The Peregrine Fund is a non-profit dedicated to saving birds of prey from extinction. Throughout the world, birds of prey are threatened by shooting, poisoning, and loss of habitat. Saving these birds is an effective means of conserving the rich diversity of life that is critical to the future health of our planet and the well-being of generations to come.
Since our beginning in 1970, The Peregrine Fund has been a small, nimble organization that is able to respond quickly to emerging needs. We take pride in being a common-sense, elbow-grease, no-frills, hands-on group of dedicated professionals. We tackle only those projects for which we are the most qualified and where a definite need exists. And we always strive to leave a lasting result.
Our effort to save the Peregrine Falcon from extinction typifies our approach to problem solving. When it became clear in the 1960s that Peregrine Falcons, Bald Eagles and other birds of prey were in trouble due to the effects of DDT, we set our sights on stopping the slide to extinction. Led by our founder Tom Cade, then a professor of Ornithology at Cornell University, The Peregrine Fund pioneered methods of breeding Peregrine Falcons in captivity and successfully releasing them to the wild. Almost 30 years later, we proudly hosted an international celebration when the Peregrine Falcon was removed from the U.S. Endangered Species List in 1999.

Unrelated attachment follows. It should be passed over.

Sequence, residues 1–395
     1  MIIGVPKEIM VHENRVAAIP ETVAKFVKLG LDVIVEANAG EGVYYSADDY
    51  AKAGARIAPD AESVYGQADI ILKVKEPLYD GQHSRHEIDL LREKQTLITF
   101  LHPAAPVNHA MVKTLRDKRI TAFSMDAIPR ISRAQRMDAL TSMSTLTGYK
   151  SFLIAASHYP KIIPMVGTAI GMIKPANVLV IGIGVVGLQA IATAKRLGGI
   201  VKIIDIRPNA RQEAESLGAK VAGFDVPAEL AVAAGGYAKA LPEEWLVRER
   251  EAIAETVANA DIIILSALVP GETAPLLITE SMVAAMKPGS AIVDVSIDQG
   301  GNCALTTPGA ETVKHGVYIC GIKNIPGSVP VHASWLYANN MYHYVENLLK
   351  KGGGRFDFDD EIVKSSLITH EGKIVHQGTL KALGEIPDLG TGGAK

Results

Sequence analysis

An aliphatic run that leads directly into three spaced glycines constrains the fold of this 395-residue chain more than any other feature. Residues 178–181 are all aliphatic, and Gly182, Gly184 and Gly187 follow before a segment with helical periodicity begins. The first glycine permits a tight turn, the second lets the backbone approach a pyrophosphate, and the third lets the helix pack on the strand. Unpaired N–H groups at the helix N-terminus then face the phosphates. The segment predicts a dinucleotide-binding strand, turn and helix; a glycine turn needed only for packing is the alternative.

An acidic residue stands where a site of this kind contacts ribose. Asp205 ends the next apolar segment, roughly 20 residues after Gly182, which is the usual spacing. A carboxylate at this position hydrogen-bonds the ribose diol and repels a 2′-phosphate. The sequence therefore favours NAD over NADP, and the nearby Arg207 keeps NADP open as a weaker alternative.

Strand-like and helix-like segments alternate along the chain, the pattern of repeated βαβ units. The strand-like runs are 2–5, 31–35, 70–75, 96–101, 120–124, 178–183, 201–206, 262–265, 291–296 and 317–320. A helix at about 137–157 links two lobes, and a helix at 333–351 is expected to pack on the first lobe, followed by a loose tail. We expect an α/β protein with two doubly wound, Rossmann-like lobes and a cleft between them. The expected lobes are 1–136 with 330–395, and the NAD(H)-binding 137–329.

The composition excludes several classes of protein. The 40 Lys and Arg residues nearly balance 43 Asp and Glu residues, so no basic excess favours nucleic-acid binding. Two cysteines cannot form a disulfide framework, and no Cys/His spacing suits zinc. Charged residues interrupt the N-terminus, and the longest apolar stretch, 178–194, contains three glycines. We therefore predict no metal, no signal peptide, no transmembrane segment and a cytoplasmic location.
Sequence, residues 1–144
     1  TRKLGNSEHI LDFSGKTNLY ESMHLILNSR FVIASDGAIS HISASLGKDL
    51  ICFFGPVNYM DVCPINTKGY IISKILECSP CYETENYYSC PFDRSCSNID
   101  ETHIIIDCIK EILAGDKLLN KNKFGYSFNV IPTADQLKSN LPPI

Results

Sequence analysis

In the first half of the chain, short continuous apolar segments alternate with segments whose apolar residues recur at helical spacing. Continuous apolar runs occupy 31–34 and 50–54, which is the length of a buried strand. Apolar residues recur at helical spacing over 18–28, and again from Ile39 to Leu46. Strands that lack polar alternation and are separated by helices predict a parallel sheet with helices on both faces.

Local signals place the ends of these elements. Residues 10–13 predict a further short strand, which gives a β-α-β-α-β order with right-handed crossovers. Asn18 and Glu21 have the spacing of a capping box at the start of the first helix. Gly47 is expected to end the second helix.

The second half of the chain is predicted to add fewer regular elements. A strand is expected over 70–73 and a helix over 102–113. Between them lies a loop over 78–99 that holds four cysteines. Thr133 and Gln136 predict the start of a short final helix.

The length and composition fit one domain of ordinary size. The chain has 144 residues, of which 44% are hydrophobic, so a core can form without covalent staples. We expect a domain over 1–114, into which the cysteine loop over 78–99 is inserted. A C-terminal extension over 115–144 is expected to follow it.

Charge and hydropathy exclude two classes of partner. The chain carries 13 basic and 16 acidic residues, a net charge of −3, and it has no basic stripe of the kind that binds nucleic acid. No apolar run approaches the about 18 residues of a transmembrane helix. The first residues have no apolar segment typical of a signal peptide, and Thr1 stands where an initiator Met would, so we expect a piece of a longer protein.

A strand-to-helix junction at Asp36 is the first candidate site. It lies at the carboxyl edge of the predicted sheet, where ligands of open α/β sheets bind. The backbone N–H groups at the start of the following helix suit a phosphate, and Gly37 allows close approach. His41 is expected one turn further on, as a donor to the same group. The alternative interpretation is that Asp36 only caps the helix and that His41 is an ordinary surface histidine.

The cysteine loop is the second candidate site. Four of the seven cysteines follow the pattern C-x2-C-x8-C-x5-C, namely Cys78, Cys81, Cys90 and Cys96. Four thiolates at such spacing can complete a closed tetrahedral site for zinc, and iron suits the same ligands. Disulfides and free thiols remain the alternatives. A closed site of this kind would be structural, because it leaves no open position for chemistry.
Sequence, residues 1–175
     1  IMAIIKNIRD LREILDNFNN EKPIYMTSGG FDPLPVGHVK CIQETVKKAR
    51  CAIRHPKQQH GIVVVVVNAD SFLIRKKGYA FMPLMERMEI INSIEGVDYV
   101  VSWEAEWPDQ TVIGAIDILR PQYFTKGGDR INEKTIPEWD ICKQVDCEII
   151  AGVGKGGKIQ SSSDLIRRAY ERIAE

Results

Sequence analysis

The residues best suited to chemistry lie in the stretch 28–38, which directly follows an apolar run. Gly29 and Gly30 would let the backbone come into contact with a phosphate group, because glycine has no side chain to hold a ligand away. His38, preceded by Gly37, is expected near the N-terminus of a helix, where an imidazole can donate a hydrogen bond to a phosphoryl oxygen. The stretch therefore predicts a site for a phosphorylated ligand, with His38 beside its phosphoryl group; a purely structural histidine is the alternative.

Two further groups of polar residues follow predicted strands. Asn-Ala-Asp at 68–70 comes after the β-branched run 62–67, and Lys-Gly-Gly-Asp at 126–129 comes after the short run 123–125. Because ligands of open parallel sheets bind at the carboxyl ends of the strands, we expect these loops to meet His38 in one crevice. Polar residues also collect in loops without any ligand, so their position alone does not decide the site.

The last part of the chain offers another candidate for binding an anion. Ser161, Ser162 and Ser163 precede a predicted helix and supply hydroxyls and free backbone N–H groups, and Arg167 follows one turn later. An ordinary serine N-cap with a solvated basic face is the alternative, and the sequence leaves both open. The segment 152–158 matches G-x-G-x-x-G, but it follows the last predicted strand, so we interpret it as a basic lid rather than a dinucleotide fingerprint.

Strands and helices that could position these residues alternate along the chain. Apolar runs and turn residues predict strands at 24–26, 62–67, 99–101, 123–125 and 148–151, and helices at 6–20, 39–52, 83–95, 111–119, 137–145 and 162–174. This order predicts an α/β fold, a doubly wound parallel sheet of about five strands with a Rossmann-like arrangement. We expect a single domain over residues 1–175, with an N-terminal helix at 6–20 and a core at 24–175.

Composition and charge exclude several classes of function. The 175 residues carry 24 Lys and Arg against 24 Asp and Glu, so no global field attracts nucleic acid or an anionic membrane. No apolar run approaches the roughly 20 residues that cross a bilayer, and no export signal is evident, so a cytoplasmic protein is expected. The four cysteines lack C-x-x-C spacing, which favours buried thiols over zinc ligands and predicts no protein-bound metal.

That success enabled us to act on similar problems around the world. To magnify results and stretch dollars, we cooperate with other people, agencies and organizations on every project. We believe that this is not only efficient, it also helps build skills, expertise, understanding, and pride among local people who live among threatened birds of prey.
Applied Raptor Ecology provides raptor researchers with the blueprint to determine which questions should be asked, record consistent data usable by researchers worldwide, apply appropriate analysis of those data, and break down the obstacles to collaboration.